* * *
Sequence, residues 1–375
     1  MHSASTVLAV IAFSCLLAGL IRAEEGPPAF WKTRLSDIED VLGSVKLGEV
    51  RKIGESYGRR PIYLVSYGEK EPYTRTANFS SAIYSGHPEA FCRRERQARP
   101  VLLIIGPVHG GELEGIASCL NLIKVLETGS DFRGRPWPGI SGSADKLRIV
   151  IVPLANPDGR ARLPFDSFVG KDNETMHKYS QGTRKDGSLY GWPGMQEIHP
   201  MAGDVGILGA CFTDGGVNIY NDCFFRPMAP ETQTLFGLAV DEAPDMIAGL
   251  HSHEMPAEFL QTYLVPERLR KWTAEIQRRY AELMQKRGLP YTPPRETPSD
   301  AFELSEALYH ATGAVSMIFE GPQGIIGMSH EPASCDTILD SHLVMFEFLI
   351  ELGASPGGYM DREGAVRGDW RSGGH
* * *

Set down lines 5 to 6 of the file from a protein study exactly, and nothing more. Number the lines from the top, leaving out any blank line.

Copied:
   151  IVPLANPDGR ARLPFDSFVG KDNETMHKYS QGTRKDGSLY GWPGMQEIHP
   201  MAGDVGILGA CFTDGGVNIY NDCFFRPMAP ETQTLFGLAV DEAPDMIAGL